As many linguists have noted, there is no such thing as perfect synonymy. Any words deemed synonymous will always be distinguished by some subtlety of meaning, including stylistic differences.
An interesting case––though considered beyond the pale in polite speech––is the unique distinction in Russian between the two verbs meaning, on one hand, farting noiselessly (бздеть [bzdet’]) and making a sound during this action (пердеть [perdét’]). Y-H-B cannot think off any other language in which this distinction is extant.
Perhaps this is not so surprising, if one knows that Russian has among the world’s languages perhaps the richest profane vocabulary, for which there are two designations, both featuring the word/base for ‘mother’, viz. мат [mat] and матерщина [matershschína]. In fact, this sector is so rich in Russian that utterances utilizing profanity have come to be differentiated by so-called “stories/floors (R этáж),” so that, for instance, speech studded with numerous and elaborate swear words is called семиэтажная брань ‘seven-story swearing’.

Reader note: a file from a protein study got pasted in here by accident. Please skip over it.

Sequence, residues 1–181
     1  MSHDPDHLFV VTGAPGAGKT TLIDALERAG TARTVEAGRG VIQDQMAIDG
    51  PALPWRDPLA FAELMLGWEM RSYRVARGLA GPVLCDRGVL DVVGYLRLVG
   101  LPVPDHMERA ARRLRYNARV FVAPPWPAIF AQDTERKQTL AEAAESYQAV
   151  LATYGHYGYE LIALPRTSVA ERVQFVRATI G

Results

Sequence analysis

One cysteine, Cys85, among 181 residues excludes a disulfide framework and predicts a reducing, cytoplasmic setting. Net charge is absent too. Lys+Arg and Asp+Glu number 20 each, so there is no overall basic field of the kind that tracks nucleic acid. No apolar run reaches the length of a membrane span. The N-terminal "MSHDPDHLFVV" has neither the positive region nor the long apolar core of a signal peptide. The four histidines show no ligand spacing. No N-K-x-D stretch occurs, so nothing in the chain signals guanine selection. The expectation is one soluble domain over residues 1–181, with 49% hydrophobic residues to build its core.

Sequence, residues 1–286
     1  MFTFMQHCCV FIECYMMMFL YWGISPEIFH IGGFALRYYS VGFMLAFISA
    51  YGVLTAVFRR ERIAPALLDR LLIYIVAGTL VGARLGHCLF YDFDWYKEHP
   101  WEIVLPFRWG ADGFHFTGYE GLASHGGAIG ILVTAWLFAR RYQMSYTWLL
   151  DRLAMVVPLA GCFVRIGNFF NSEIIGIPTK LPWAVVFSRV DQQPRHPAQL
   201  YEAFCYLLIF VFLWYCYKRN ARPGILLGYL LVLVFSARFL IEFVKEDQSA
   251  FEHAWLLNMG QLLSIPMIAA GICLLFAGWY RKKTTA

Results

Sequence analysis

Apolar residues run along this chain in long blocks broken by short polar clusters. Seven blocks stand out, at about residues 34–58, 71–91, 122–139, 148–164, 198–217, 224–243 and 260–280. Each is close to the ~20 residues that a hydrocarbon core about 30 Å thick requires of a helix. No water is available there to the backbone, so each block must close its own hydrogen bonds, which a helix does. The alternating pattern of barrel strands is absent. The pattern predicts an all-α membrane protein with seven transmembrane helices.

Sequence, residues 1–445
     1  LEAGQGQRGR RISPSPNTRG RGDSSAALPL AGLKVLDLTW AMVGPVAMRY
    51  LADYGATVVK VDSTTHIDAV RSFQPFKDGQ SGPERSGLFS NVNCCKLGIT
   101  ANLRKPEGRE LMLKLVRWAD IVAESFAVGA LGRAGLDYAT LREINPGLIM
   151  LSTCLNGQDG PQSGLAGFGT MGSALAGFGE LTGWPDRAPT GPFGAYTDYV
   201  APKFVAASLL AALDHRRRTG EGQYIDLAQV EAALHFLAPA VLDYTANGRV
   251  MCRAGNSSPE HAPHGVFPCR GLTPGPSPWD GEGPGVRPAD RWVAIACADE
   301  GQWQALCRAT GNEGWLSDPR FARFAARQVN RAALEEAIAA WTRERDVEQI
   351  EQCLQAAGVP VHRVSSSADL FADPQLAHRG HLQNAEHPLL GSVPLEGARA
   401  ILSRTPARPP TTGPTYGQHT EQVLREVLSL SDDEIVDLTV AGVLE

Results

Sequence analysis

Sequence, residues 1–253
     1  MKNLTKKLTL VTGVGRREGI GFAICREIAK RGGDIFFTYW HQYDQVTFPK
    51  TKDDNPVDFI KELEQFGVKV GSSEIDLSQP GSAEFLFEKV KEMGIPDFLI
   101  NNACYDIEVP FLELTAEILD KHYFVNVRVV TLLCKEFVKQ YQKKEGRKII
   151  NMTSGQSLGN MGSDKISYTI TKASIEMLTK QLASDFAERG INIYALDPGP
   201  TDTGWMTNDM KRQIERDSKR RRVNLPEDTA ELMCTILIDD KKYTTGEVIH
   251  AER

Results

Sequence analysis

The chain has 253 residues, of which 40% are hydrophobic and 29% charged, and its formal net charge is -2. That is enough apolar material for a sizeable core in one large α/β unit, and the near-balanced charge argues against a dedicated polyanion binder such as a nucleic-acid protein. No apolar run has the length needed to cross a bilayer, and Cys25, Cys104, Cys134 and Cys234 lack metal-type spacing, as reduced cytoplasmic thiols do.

There is an anecdote (related to me by my oldest brother Joseph [1926-2004], who lived for many years in post-war Russia [mostly the USSR] and was employed in different species of work, incl. a railroad-car factory in Nizhny Tagil) that Stalin once tried to ban all profanity from the workplace, but this edict had the unintended consequence of slowing down production and had ultimately to be rescinded. The reason was that workers who were used to calling out objects in the production line by their profane names––the word for penis, R хуй, being the most frequent––had to stop to search for a non-profane term before proceeding. Incidentally, this one item of the Russian profane vocabulary even has the distinction of having an entire dictionary devoted to its array of uses.